The Pentagon has been accused of hiding UFO information after the ‘historic’ report on extraterrestrial activity has the ‘top-secret’ section left out of the released version.
Following the release of the nine-page document on Friday, the report is believed to be not as comprehensive as the one sent to Congress, according to a former Pentagon employee.
Luis Elizondo, former director of the Pentagon's Advanced Aerospace Threat Identification Program (AATIP) program to study UFOs, hailed the report as a huge step but suggested the government is not revealing everything they know.
During an interview on Tucker Carlson's Fox News show, Luis said: “This is a historic moment for us, in our country and our military.”
He added: “The government has formally and officially come out and informed Congress that these things are – A, they’re real – and two, that they’re not ours and that they seem to be performing, at least some of them … in remarkable ways.”
In the version released to the public, the military noted a total of 144 UFO sightings predominantly occurring in 2019, which couldn’t be verified by any terrestrial explanation.
Pentagon refers to these sighted as Unidentified Aerial Phenomena (UAP) but Luis claims the majority of sightings are not reported by the military so this is just a small number in comparison to sightings made by the public.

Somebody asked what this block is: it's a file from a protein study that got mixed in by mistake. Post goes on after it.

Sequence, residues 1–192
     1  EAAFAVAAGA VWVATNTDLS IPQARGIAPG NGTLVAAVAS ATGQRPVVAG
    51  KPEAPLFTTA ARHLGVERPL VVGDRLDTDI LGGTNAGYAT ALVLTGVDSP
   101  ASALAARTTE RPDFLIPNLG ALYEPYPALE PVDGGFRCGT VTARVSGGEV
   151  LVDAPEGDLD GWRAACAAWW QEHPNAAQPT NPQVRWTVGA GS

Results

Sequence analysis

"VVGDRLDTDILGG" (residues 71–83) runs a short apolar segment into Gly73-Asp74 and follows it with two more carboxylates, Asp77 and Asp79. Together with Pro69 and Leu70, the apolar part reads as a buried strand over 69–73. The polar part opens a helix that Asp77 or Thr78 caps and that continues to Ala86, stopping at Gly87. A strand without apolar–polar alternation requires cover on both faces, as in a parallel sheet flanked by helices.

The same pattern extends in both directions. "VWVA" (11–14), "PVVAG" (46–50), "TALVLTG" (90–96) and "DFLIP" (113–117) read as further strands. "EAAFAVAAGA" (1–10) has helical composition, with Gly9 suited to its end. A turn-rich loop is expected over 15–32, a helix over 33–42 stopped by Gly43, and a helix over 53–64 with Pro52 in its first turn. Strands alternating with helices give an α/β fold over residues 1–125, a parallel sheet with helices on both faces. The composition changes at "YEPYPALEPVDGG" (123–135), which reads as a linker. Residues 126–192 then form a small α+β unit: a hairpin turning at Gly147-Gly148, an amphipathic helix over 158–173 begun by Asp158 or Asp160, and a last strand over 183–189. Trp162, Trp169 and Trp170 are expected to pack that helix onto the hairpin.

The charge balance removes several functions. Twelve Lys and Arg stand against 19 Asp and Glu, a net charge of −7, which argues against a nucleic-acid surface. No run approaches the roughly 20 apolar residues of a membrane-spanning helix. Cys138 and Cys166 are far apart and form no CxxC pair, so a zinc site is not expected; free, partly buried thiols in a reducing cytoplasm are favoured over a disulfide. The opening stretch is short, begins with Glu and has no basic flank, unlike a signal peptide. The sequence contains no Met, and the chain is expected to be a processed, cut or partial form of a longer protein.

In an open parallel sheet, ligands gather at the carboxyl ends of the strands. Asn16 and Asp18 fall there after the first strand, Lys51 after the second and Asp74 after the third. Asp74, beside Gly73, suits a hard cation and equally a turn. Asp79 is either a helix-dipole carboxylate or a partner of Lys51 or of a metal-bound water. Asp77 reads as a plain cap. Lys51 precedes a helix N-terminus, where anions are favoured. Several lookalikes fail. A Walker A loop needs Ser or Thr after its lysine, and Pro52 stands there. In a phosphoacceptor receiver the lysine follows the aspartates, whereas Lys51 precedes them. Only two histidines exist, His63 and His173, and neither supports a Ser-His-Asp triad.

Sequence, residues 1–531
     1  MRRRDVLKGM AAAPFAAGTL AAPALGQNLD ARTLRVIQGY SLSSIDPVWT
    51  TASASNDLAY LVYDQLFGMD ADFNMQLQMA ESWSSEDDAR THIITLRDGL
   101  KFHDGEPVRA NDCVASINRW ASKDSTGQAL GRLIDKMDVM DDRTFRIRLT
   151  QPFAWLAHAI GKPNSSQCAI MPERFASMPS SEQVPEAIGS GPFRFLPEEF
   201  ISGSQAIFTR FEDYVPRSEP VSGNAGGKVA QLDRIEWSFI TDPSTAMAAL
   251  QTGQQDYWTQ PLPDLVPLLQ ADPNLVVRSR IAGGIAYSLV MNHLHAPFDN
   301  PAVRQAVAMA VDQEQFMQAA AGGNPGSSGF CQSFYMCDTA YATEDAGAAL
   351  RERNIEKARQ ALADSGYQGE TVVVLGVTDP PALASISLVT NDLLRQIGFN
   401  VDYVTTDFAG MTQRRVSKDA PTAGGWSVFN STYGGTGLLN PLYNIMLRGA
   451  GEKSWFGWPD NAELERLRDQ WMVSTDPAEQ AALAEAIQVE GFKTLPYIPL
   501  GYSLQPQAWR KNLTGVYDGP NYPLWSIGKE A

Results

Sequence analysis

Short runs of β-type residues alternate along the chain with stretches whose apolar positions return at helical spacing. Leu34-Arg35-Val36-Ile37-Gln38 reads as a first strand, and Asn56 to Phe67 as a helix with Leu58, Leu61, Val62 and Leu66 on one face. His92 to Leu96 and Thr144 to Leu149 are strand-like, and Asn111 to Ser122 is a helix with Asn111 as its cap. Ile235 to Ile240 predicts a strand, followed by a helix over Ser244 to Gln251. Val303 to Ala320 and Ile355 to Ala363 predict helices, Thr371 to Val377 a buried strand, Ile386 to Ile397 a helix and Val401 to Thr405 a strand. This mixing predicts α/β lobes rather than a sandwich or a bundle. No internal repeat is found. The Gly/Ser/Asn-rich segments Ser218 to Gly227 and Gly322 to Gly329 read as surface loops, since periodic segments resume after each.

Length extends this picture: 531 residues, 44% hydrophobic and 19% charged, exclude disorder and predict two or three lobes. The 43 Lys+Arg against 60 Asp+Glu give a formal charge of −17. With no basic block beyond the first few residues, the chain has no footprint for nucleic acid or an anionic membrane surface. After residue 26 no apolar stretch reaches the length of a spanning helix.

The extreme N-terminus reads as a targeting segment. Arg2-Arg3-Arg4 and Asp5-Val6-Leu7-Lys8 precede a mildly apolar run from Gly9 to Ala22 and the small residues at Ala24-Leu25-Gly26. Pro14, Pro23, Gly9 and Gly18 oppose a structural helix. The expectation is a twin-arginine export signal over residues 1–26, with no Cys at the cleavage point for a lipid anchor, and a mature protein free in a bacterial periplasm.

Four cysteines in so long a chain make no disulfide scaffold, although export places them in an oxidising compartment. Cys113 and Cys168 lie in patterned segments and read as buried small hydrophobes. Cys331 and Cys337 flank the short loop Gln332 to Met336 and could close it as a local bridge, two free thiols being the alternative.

Speaking in the same Fox News Interview, Luis continued: “A large majority of reporting goes unreported.
Official government UFO report reveals US can't explain 143 mystery sightings since 2004
“Why? The stigma and taboo… involving this topic, so one can surmise there's actually a lot more than just 144 incidents involving the Navy and just the last year-and-a-half.”
The report provided no conclusions that any of the sightings were not extraterrestrial and did highlight the US has insufficient data to help identify a UAP.
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According to the report, the sensors mounted on US military defense aircrafts "are typically designed to fulfil specific missions" but are ill-equipped in "identifying UAP”.
When objects in the sky are eventually identified, they are categorized as items such as "airborne clutter" or even "foreign adversary systems."
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